Video via ThreeD Ukulele
A Canadian has just fired the first shot from his creation, "The Grizzly," an entirely 3D-printed rifle. In that single shot, CanadianGunNut (his name on the DefCad forum), or "Matthew," has advanced 3D-printed firearms to yet another level. Sort of: According to his video's description, the rifle's barrel and receiver were both damaged in that single shot.
Although it needs some structural improvements, The Grizzly's very creation indicates 3D-printed guns are only to become more widely available. While this example comes from outside of the US, some elements of its design were directly influenced by Cody Wilson's Defense Distributed, as the creator explained:
I call it The Grizzly after the Canadian-built Sherman Tanks of WWII. It is a single shot .22LR incorporating the coiled mainsprings of the Liberator by Defence Distributed. Like the Liberator the only metal is a 1" roofing nail.
Earlier this year, Wilson posited a simplistic—and thoroughly flummoxing—argument in Motherboard's Click Print Gun; essentially shooting a national gun debate dead in the water. A few weeks after the documentary aired, Wilson tested "The Liberator," his first entirely 3D-printed handgun.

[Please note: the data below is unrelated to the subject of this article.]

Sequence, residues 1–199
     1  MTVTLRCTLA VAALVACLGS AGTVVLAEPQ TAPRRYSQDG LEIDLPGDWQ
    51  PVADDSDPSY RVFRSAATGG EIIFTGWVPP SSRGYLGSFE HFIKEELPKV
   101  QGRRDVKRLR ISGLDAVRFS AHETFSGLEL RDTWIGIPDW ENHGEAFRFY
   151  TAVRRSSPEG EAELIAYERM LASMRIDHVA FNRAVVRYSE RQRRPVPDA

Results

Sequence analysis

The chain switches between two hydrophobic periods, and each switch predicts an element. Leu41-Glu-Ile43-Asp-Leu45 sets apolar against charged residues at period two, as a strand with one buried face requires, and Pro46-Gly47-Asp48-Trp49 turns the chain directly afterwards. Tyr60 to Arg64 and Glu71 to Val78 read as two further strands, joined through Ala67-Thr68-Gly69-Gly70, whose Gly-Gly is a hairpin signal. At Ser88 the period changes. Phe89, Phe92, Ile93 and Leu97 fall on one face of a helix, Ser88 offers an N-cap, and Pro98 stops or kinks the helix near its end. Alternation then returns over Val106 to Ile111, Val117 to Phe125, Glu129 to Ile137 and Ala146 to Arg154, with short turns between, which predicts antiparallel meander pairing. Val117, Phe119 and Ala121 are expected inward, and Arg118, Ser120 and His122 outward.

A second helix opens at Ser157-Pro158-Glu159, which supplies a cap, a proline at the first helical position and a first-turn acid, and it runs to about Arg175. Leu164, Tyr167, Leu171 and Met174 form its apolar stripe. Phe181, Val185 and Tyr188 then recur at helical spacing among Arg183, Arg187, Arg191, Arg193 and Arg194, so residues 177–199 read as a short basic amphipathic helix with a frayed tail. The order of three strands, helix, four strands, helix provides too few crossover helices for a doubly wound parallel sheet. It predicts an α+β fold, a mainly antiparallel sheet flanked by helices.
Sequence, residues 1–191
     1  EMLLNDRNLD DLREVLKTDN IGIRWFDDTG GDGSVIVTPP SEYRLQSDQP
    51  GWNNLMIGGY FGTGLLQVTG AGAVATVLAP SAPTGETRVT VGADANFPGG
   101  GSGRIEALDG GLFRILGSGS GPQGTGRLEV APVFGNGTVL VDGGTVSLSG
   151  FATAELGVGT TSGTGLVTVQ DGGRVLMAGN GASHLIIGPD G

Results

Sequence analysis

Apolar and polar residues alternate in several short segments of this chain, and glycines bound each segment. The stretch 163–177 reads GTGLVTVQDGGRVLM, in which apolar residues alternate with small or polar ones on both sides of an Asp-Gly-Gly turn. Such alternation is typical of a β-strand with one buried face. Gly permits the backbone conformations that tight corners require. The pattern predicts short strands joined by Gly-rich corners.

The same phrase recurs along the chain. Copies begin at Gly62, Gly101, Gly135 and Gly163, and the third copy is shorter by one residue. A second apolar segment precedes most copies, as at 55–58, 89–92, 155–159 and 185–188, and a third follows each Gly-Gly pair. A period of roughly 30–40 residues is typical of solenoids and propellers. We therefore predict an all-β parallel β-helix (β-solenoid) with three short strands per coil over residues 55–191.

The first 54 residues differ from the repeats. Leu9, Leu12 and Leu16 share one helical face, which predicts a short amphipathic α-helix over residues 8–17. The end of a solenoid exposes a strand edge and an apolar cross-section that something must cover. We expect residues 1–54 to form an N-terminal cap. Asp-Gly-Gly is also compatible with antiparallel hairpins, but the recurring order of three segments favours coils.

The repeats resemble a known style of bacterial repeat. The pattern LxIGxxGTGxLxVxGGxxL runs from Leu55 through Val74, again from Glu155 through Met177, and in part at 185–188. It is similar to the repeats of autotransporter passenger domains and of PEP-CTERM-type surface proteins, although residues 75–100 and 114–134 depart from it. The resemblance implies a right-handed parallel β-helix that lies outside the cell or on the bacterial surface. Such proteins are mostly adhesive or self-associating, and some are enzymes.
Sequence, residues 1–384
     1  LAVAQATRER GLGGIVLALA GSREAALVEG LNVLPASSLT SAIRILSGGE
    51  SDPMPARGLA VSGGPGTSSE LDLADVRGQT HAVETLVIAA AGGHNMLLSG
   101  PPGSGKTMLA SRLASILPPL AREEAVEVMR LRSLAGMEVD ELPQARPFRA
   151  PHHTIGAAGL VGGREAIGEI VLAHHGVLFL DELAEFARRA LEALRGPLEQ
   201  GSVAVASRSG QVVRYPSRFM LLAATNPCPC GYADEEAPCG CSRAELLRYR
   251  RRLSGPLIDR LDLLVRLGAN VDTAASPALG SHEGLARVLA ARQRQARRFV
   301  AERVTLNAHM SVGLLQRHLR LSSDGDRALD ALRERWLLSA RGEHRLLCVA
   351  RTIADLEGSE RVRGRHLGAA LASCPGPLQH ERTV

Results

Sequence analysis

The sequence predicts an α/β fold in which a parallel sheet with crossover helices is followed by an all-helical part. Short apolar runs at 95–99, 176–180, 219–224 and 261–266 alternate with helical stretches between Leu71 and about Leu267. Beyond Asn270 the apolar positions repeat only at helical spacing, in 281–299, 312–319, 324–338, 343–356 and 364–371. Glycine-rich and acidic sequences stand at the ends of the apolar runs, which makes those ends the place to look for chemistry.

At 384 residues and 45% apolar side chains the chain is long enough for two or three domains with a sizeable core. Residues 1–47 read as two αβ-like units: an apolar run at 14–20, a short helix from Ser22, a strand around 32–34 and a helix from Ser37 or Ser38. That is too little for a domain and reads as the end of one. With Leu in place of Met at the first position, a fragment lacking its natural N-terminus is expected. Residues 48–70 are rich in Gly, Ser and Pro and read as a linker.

The Grizzly. Image via
With demonstrations like these, and DIY gun enthusiasts coming out of the woodwork, access to 3D-printable designs makes it hard to believe in an authority's ability to stand in the way. By February 2014, some key patents for 3D-printing technology are due to expire, which should increase competition in printer-manufacturing and help drop prices for hobbyists and the 3D-curious. The Grizzly, like the Liberator, raises the bleak but important question: if it's so hard to stop criminals from getting mass-manufactured guns, how will these guys be stopped from printing their guns?
One option, according to Danish 3D printer maker Create It Real: ensure that printers can't print a gun. If users try to load a file for a 3D gun its “smart software scans the model and tries to match its characteristics with the characteristics of a firearm. If certain features align, the software will not allow the user to view and print the model.” That doesn't sound terribly effective, but it also threatens the liberating premise of independent 3d-printing operations.
But CanadianGunNut's inventions aren't all sinister-sounding: a beautiful 3D-printed ukelele, anyone?